4. bill8379

    bill8379 LawnSite Senior Member
    Posts: 778

    You could afford to offer snow clearing, in fact with a 3/4 ton (if it's 4x4) you could plow. But for residential drive ways I use snow blowers, charge by the month. I hate it when it snows because I get paid whether it snows or not. Winnipeg here.:) That blizzard only squeaked by us but the wind made our temps -44C :( I went out and cleared the drifts.

    I only use snow blowers and shovels and only do residential drive ways, been doing that for 8-9 years.
     
  5. M&MLawn

    M&MLawn LawnSite Member
    Posts: 132

    We actually started out the opposite way....by snow plowing first. With an F250 at least 3/4 ton you could put a plow on there and make some nice money. We charge per push and so we LOVE when it snows. Since you are a newbie with that my advice is get a plow on and just start practicing in your driveway and friends driveways. Practice getting as close to trees or an object (that you cant harm) as you can and once you have it perfected move on to the next level. Next would be pulling up to garages and learning to back drag away.

    Check out sister site www.plowsite.com for more forums on plowing.
     
  6. bill8379

    bill8379 LawnSite Senior Member
    Posts: 778

    I wanted to do that but last year I just couldn't afford everything. I only had enough for the truck. But I wanted a Daniel's Pull plow and a boss V... too much money lol. Maybe in a few years.:laugh:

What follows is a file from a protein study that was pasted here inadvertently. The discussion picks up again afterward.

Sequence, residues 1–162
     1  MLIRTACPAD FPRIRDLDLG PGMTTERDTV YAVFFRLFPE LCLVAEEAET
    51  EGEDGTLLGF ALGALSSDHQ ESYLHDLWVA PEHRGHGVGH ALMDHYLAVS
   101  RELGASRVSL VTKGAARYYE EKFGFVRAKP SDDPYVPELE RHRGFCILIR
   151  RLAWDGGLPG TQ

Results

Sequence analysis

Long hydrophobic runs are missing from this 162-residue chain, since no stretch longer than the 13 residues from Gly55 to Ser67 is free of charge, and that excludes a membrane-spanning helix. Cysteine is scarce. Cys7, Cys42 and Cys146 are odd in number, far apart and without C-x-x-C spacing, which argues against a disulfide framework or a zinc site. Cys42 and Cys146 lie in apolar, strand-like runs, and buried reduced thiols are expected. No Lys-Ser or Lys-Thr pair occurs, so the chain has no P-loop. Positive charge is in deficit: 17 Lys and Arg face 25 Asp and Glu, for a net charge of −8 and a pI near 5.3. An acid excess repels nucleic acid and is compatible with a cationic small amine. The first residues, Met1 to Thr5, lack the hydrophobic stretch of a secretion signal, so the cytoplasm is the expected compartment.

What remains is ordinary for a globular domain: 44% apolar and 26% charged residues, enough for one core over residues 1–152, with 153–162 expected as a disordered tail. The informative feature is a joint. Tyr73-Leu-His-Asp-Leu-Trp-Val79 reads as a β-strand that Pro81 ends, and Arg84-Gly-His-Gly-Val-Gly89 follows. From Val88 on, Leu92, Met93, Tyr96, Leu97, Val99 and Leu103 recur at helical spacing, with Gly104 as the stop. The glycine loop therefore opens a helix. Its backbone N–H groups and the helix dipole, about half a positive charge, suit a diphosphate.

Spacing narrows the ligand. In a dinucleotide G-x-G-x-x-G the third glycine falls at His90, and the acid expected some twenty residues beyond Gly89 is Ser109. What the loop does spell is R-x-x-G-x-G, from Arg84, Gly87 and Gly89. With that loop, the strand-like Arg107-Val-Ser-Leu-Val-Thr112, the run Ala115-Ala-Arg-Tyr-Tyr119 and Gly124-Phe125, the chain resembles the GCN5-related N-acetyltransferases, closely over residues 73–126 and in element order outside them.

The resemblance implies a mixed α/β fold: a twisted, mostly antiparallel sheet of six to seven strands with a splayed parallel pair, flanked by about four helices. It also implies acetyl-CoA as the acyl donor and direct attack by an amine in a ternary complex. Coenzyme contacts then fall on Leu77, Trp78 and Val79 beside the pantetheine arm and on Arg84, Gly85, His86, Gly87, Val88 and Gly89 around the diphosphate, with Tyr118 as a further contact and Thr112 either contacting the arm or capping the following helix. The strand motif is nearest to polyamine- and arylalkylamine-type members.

7. Whitey4

    Whitey4 LawnSite Silver Member
    Posts: 2,448

    And these last few posts have what to do with generating a business plan?
     
  8. bill8379

    bill8379 LawnSite Senior Member
    Posts: 778

    If you read the original post, he's interested in offering snow removal and he's also on a budget. Snow blowers are a cheap way to get into that biz.

    btw, your post is WAY off topic.
     
  9. dgZtrak737

    dgZtrak737 LawnSite Member
    Posts: 120

    This guy knows his stuff, I bet you are going to, if not already have a very successfull business
     
  10. Whitey4

    Whitey4 LawnSite Silver Member
    Posts: 2,448

    Not quite. He asked about a business plan.

    This is the first part of the thread starter:

    i am attempting to write a business plan for my new llc. seems to be a good idea for future loans, goals, and helps me to focus on what exactly will do and look like. anyway, has anyone written a plan? if so has it been useful to you?

    I suggested defining his goals first. Then to find ways to differentiate his company from others, and put that into a workable strategy. Whether that strategy is to price compete by getting volume, a higher level of service, or a niche market strategy like applications or organics, to mention just a few options out of many.

    How many times do you hear the NFL coaches talk about setting goals, having a plan, preparation, and implementing them? That is what wins, and it's been like that for a long time. A coach looks for mismatches, plays to his strengths and takes advantage of opponent's weaknesses. That is what a business plan does.

    Without a fluid business plan that is the driving force behind every decision that is made you are a ship without a rudder. You estimate how much you need to spend in advertising, and WHERE to spend that money, and project as best one can what new revenue that investment will create... PLAN your ROI based on the targeted customer base you are after... all based on the business plan. If you want tight routes, use flyers, door hangers, church bulletins. You want volume and rapid growth, the Yellow Pages could be a better option.

    You simply can't make sound business decisions without a business plan, even if it only exists in your head. Better to have it on paper though. Banks don't like loaning $ to companies that don't have a viable business plan.

    He can include plowing in his plan.... as with most of what we all do, performing the work is the easy part. Making it all come together requires in most cases, a plan, a strategy. Or, you are just pinning your hopes on dumb luck.